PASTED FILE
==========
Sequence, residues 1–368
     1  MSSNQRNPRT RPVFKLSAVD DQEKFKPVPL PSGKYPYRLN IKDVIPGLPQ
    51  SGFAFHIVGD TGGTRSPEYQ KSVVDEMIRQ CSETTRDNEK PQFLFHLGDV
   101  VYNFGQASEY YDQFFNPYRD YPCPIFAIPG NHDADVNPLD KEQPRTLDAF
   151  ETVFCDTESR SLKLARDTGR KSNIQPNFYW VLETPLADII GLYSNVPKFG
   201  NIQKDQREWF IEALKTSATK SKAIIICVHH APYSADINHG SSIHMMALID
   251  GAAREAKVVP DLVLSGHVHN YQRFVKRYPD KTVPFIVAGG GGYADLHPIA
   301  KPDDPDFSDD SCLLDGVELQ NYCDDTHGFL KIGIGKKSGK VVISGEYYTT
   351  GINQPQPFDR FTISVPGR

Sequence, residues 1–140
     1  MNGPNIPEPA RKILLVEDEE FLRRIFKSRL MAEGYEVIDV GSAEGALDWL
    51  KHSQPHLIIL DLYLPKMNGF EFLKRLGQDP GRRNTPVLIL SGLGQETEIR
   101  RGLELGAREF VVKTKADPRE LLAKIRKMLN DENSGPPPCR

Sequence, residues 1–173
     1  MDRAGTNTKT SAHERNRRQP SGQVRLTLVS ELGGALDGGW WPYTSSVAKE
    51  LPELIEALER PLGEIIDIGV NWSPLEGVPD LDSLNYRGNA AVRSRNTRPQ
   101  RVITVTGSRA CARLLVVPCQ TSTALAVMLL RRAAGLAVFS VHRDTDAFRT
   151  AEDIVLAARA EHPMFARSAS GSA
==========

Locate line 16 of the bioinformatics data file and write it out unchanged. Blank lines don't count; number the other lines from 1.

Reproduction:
    51  LPELIEALER PLGEIIDIGV NWSPLEGVPD LDSLNYRGNA AVRSRNTRPQ